I picked up some of the Competition at Cosctco a couple of years ago. My experience with it is exactly what you described -- quickness to start, heat, duration. It is great to see my informal observations about the product corroborated by your testing. However, when I light the Competition in my chimney, I definitely smell some accelerants. I smells like wax or plastic burning. I do not get this smell from the original,so I've since stopped buying the Competition. Incidentally, Costco only sells the Competition here in the Dallas area, however, not in the winter months. I asked in December once where their charcoal was and they told me it was a seasonal item. Huh? Buddy, this is Texas; grilling is not a seasonal activity. Sam's always has charcoal (and ice -- again, this IS Texas; how can Costco not sell ice. I digress).
Anonymous Anonymous said...
are your temps in C of F?
Blogger Unknown said...
Anonymous - All temperature readings are in Fahrenheit.
Anonymous Anonymous said...
Very helpful. Thanks for your time to post this info
Blogger Rob D. said...
Awesome review once again!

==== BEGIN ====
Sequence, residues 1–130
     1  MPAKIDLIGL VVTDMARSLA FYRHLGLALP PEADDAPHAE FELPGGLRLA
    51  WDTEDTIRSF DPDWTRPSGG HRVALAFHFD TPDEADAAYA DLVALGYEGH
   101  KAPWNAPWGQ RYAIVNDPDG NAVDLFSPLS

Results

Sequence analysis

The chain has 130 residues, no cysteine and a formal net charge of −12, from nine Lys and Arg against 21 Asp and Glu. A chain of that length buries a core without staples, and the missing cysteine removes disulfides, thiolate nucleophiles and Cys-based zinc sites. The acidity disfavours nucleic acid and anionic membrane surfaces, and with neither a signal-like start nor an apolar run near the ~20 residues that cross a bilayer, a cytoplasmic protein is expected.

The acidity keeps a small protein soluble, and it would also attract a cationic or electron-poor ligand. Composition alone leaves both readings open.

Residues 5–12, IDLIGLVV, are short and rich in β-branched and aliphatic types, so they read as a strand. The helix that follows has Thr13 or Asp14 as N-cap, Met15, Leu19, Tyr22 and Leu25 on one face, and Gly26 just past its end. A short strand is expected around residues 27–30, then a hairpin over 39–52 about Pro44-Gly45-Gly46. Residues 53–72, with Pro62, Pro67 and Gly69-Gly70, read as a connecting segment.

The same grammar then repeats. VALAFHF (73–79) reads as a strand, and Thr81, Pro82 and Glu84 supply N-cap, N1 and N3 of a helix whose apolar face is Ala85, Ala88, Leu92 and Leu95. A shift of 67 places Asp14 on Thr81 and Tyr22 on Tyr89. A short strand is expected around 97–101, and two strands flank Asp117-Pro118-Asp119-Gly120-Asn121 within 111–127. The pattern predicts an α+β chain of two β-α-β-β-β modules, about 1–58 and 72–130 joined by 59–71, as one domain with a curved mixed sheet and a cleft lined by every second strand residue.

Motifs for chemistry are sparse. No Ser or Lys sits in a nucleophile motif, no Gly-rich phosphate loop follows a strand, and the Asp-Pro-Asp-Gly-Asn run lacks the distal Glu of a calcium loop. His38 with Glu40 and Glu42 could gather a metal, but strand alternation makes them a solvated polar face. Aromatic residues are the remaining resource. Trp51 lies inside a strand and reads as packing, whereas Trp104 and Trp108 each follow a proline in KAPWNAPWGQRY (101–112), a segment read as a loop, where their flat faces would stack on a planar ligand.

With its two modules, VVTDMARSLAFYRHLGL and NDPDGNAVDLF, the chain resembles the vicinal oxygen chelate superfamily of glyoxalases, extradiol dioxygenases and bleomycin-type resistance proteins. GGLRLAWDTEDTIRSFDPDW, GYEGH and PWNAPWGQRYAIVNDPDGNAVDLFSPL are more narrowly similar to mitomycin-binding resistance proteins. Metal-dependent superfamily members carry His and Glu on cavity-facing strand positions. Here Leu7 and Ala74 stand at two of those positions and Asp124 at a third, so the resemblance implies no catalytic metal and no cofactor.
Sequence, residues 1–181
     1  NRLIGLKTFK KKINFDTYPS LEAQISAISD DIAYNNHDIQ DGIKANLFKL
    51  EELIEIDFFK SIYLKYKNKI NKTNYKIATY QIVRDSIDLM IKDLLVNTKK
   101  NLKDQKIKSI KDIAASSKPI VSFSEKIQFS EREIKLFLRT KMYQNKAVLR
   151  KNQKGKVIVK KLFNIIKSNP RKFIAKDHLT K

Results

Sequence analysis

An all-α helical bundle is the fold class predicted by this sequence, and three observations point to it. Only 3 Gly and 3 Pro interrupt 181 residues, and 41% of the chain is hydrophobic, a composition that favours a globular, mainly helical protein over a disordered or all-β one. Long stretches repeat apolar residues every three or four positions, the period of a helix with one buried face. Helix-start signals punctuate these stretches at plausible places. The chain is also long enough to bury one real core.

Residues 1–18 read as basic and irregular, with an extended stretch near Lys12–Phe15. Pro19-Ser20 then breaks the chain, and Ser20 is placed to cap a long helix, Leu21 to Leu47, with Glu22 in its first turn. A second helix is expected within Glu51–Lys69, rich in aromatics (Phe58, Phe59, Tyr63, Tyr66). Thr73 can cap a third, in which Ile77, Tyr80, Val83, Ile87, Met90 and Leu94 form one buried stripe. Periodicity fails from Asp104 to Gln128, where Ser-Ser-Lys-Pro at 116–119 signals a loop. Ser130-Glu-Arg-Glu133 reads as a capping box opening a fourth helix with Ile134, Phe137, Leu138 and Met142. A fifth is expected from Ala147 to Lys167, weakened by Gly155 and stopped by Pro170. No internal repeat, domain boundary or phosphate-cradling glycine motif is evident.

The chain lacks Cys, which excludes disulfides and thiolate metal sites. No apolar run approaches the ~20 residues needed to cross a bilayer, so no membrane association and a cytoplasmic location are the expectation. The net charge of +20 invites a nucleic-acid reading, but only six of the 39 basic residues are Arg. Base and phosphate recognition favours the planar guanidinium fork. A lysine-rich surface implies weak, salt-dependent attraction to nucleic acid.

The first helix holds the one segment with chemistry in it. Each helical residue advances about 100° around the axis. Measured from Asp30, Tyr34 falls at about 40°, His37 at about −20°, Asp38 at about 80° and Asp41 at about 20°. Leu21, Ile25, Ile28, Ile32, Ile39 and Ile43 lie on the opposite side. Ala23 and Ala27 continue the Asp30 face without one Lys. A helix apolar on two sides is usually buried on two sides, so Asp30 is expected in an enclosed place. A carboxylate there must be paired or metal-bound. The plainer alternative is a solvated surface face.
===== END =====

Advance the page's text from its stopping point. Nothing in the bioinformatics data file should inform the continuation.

Have you ever considered running these same tests with Kingsford against other major brands of briquettes?
Blogger Unknown said...
Thanks, Rob. I should do a head-to-head with Royal Oak.
Anonymous Anonymous said...
Rob, the Q&A was very Informative, I purchase the Weber 21.1/2 charcoal grill I dumped the grate the grill came with & up graded with the pre- seasoned cast iron grate from what I read it contains the heat better and uniformly cook the food evenly, could you or anyone recommend a lump or brisket charcoal that doesn't produce a lot of ash in a 3hr cook thanks in advance for any & all suggestion Happy Grilling
Blogger Unknown said...
Would be useful to use a chimney starter in the next review.
Blogger Unknown said...
Jesse - Go for it. ;-)
Anonymous Steven G said...
This article was very helpful as i just got a new Weber Kettle BBQ and learning how to BBQ with Briquets vs our Weber Gas Grill and how important choosing the right charcoal makes all the world of a difference. Doing a BBQ tomorrow and will exchange the Kingsford Original for the Competition. Thanks again
Blogger jernewm said...
Thanks for your research. I have found that the competition is best for grilling, but burns too fast and too hot for smoking. As much as my limited storage space impedes me I tend to use the competition for grilling done over a short time period, but find it is practically useless for the 12-14 hour brisket smoke.
Blogger Unknown said...
Thank your for taking the time to share your knowledge. It's very helpful.